As an important issue we were trying to fix the entrance positions of not just Ease Gill Caves but the whole Three Counties System. It seemed a fairly ambitious move but if we surveyed all the Ease Gill bit then, if others surveyed the remainder, we could look for connections and digs that would yield results, maybe! Pete Grant and me set of over the fell with compass, clino and tape and managed with a little help from our friends to create loops around Ease Gill, Leck Fell and Kingsdale. Pete Grant and I got some strange looks from motorists as we surveyed from Tow Scar down the road to Yordas. Now some of the younger of you reading this will say why didn’t they just GPS the entrances? Three reasons really, one, at that time the military had a lock on the signal and wouldn’t allow accurate readings, two, some of the entrances are under overhangs or in deep shakeholes, three, we didn’t have one.


We did try to laser sight between points but on the day we’d arranged all the equipment to arrive it was blowing a gale and so the signal bounced all over the place, frustration. The next time we used a laser theodolite it blew a gale and there was a freezing constant drizzle at least we did get some result but not the expected 1km legs more like 20 to 30 metres, hay ho! At least we’d worked out that if the above and below ground surveys all linked then that was what we really needed irrespective of whether they fitted the new Google Earth, Memory Map or not. Over several years we logged up 38km of surface survey, flogging through bogs, being eaten alive by midges in our effort to locate our caves. One evening after work Hugh St. Lawrence and I surveyed our way from Yordas Cave in Kingsdale to Leck Fell House in the gathering gloom with an increasingly cold and strengthening wind, deep joy. We finished up having to hold the tape at ground level otherwise risk taking off and ending in Dentdale. Several loops of surface survey were made on Leck and around the gill in an attempt to fix entrances. Lee York actually levelled a lot of the entrances in the gill which gave us very accurate heights to go with our more accurate positions.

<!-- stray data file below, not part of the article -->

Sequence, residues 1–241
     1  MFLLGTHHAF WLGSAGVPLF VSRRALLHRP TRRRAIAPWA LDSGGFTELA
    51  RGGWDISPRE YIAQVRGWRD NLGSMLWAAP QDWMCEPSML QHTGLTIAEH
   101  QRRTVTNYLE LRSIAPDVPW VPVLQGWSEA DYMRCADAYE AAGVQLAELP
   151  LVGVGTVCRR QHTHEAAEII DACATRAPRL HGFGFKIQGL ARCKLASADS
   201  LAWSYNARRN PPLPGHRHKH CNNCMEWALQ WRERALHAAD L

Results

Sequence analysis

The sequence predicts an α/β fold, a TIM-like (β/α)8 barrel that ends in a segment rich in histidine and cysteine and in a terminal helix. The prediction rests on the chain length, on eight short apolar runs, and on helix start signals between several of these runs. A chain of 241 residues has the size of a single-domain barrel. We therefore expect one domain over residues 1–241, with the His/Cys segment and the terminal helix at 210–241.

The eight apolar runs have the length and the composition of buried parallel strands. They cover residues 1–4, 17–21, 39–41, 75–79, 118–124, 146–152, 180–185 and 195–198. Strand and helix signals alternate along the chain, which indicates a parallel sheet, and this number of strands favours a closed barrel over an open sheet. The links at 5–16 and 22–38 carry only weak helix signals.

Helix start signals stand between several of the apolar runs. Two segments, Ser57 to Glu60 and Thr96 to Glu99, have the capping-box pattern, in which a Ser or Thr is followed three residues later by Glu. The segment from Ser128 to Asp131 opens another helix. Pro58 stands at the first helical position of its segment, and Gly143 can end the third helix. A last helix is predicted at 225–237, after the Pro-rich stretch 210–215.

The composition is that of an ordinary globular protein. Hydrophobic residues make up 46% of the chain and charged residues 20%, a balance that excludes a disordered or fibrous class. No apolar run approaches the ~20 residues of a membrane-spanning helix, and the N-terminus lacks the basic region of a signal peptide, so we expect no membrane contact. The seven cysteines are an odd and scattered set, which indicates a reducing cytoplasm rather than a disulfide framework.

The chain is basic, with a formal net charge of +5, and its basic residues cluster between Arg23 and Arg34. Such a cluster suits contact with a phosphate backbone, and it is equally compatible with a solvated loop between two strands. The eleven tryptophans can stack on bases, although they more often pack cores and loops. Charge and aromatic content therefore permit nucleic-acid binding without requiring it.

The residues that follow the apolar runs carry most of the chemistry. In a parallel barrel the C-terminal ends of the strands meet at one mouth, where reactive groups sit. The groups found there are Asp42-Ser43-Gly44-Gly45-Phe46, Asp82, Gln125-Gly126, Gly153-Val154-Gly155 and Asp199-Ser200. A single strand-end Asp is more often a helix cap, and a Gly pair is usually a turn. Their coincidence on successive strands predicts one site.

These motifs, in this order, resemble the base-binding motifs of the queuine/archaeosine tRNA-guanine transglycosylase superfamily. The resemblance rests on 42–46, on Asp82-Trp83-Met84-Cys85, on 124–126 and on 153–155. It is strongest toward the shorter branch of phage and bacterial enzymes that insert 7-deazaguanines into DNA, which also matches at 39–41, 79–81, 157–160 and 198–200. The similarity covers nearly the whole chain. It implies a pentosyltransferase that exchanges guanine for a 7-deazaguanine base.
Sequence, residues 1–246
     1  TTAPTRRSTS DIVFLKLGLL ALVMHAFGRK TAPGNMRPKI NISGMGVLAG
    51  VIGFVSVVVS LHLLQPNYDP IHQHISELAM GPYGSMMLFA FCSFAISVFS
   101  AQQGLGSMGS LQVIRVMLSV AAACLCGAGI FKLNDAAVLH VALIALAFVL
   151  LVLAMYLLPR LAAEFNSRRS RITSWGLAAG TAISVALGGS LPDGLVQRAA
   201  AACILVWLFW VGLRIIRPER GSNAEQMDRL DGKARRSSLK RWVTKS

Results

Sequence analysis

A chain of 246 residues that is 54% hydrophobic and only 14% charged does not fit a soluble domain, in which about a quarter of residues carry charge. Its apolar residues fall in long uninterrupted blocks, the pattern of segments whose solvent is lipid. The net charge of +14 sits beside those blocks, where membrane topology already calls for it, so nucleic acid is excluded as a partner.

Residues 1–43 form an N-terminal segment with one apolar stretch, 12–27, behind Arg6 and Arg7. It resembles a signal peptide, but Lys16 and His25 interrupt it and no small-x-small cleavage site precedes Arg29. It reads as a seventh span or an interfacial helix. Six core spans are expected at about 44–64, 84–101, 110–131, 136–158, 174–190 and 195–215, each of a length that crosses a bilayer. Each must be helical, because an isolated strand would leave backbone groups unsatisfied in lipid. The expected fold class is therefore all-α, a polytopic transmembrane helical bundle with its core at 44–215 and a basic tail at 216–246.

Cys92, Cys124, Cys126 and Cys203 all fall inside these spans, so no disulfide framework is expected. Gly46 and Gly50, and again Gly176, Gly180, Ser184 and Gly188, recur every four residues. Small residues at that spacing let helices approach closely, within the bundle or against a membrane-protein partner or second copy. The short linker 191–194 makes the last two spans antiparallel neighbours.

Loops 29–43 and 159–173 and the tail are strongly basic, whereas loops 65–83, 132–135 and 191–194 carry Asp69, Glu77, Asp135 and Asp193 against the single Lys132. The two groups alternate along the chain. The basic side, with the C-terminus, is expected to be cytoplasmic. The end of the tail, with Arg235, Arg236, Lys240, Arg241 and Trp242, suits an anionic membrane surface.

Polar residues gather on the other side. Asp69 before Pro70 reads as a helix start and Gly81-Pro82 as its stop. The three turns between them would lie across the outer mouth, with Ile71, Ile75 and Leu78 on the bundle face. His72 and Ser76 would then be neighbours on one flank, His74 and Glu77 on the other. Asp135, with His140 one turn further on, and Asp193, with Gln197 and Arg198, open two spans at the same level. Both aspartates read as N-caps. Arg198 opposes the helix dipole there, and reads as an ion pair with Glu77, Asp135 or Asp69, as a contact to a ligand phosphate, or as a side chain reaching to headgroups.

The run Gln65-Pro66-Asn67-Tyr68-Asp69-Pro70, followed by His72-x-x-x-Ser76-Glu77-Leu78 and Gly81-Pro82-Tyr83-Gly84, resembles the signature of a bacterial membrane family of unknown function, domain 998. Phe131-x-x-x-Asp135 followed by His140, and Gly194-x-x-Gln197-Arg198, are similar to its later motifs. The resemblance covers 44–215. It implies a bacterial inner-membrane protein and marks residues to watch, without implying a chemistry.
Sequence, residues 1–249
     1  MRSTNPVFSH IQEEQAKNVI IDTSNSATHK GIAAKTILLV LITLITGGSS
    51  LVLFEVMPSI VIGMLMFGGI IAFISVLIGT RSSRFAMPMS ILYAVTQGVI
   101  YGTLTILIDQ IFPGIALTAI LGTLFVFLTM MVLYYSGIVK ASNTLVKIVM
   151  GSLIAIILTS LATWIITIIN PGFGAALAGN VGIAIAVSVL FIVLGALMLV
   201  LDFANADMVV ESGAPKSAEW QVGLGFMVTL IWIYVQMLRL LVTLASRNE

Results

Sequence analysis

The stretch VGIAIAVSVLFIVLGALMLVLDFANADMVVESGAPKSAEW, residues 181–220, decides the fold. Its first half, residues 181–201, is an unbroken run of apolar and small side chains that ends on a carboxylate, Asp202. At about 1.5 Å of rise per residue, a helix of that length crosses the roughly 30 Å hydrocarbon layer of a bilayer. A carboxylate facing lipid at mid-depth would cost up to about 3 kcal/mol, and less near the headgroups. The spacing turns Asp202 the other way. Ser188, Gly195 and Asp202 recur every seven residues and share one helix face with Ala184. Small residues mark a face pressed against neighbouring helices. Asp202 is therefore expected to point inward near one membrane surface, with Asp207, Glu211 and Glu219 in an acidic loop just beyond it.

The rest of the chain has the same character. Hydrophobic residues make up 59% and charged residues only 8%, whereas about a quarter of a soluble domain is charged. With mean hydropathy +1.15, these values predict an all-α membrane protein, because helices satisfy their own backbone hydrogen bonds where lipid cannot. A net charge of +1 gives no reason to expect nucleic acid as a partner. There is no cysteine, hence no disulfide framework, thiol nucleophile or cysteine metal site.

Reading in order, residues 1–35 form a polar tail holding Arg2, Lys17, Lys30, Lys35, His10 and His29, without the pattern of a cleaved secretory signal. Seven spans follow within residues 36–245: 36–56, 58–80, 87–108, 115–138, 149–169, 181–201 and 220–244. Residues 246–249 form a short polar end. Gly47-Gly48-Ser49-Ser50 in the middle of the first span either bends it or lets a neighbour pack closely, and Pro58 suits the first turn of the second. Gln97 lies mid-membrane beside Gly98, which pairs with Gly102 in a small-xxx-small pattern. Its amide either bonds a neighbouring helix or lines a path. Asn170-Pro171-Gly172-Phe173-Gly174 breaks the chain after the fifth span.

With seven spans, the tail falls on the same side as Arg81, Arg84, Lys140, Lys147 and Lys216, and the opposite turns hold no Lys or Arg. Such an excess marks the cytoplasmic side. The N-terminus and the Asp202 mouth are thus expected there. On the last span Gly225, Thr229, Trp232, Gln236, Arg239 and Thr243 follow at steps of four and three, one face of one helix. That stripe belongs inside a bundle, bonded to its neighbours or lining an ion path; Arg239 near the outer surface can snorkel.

Underground things were still getting cocked-up with what at first sight would seem to be rudimentary errors, but then that’s only if you think a survey team consists of highly trained and motivated individuals and not a set of mad cavers as they usually do. One of the best involved a team surveying from Oxbow Corner to Fall Pot down the streamway. After a certain number of legs, yet to be ascertained, the instrument reader realised that there were % and degree readings on the clino and started reading the correct scale, big oops! They didn’t note when they changed over so the whole lot had to be surveyed again.  I had the misfortune of trying to survey from Assembly Hall to Holbeck Junction with a well known Dr Who character. After the first half hour was wasted as he tried to get a compass bearing out of the clino I was less than sure about the accuracy of our work and the whole thing had to be repeated, as in most cases of surveying, enthusiasm needs to be tempered with common sense.


There have been some amazing trips involving great discomfort either of the wet/cold or tight/nasty or loose/dangerous variety. Some of our members have fallen foul of the misinformation trick as was the case on 17/11/2002 when Andy Whitney foolishly accompanied me down Pool Sink thinking that we were just surveying to the bottom of the pitches and not as we did to Holbeck Junction, only 10 hours, stupid boy! (Said in a Captain Mainwaring voice)


Then there was the time that Mark Savage, Ben Shaw and me surveyed through the Wallows from Link to Pip. Now that was really cold, as we were wet from the start, with a howling draught and the instruments kept misting up. We took hours while lying in cold water and got severely hypothermic, we knew this because we actually started laughing uncontrollably, not a good sign.


Or the time Hugh St.Lawrence abseiled out of Sideline Passage with our survey notes stuck down his front only to find that the last few hours notes had rubbed off on his furry suit, oh dear!


Some of the nether regions of Ease Gill have involved serious trips and then surveying so a lot of credit has to be given to those who surveyed pieces like Montagu South, Woodhouse Way, Arson Shaft, Booth-Eyre and parts of Top Sink. Some of these are a hard enough trips in their own right without spending hour glued to a compass or trying to write without getting the paper more covered with mud.


With the building of the Shetland Attack Pony and then the Mendip Karate Otter by Phil Underwood, both electronic compass/clino combinations, and the loan of a laser distance measurer form the CNCC, the rate of surveying took a leap forward. Unfortunately, this wunderkind is now broken so it’s back to compass and clino for us surveyors.


We’ve surveyed all but one passage on the Casterton side of the gill and an awful lot of the Leck side, minus the Grind, so things are still looking quite good. Roll on the next twenty years.

Ray Duffy